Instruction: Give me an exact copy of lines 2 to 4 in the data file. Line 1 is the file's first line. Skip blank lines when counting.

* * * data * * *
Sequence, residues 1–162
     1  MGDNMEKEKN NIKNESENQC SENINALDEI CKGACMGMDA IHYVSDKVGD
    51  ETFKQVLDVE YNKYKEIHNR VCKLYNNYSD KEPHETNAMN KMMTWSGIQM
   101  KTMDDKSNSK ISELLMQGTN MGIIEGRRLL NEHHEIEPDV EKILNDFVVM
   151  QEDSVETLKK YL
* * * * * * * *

     1  MGDNMEKEKN NIKNESENQC SENINALDEI CKGACMGMDA IHYVSDKVGD
    51  ETFKQVLDVE YNKYKEIHNR VCKLYNNYSD KEPHETNAMN KMMTWSGIQM
   101  KTMDDKSNSK ISELLMQGTN MGIIEGRRLL NEHHEIEPDV EKILNDFVVM